Many rising seniors already planned their four years under the assumption that they can take graduation requirements as an eighth course. As a result, those who have not yet taken the EPF and social studies requirements are very concerned because they were not informed of the regulation’s specifications until very recently.

Some students learned about the restrictions during their junior meetings with counselors. However, most students have not met with their counselors yet, and they were first informed when junior Anant Das, the president of the Class of 2015, posted about the regulation in the class Facebook group on Feb. 7.

“While it makes sense that the graduation requirement is in place, I don’t think the reason for it is always applicable, especially for non-AP courses,” junior Sage Teasley, who has taken eight classes in the past, said. “It would have been better if the administration and counselors told us about it earlier, because it is very hard for many of us to adjust our schedules now.”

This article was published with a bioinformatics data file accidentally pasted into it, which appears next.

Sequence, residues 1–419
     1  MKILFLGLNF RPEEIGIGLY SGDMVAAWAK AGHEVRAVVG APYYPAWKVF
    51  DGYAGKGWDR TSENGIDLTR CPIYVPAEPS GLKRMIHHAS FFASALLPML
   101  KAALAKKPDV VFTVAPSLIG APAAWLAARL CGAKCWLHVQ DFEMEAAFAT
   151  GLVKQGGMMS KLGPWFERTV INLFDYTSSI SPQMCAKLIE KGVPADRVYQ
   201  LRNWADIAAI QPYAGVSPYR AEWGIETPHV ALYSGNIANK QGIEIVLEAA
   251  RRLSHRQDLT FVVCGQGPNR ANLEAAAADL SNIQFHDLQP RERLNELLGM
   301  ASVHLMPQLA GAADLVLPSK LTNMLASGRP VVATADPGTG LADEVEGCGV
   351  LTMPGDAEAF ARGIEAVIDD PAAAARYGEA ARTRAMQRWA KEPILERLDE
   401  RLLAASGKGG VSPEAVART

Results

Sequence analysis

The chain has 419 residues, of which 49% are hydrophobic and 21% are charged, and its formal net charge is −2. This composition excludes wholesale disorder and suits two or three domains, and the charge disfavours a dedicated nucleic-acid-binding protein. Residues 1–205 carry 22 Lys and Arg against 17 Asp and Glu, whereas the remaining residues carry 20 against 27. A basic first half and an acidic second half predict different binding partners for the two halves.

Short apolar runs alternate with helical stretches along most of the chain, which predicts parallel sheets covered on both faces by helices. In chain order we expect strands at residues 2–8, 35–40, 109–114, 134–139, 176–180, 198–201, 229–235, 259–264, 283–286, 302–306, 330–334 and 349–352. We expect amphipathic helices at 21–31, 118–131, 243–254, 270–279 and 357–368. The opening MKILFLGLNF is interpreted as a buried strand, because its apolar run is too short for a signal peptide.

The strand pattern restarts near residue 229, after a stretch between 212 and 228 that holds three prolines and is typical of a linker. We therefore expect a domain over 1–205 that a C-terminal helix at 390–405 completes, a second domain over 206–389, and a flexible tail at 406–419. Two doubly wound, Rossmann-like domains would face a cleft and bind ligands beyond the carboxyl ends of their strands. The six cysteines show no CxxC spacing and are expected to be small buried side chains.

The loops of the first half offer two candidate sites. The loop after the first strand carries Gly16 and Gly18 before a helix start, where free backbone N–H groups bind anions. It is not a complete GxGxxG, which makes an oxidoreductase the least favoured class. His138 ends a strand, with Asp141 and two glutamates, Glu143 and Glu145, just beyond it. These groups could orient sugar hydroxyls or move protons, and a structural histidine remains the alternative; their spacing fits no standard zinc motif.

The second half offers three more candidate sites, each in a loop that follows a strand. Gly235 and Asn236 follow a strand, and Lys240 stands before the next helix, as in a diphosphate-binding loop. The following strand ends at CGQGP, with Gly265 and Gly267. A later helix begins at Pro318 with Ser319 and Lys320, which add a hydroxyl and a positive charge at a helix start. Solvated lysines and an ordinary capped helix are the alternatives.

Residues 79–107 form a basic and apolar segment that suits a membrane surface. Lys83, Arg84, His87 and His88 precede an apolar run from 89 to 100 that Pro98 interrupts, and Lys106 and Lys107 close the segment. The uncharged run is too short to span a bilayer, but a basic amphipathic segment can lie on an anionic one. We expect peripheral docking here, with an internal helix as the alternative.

In addition, Summer School is not an ideal option for most because they will be seeking internships and job opportunities.

“I would sacrifice AP Latin, but then I will run into a problem because a lot of colleges that I’m interested in prefer four years of a language,” junior Naini Shiswawala, who originally planned to meet her social studies credit as an eighth course, said. “I might take one of the online history courses over the summer, but then I would have fewer opportunities to intern or volunteer.”

For some rising seniors, the most practical option for meeting their economics credit was taking AP Macro and Micro as a sophomore during the 2012-2013 school year.

“Sophomore year is, arguably, the best year to take an eighth period online course, as it’s the most relaxed year other than freshman year,” junior Thai Le said. “I saw this rule coming when I saw how many kids weren’t taking online AP Macro and Micro seriously, so I felt good about being prepared and finishing my credits early.”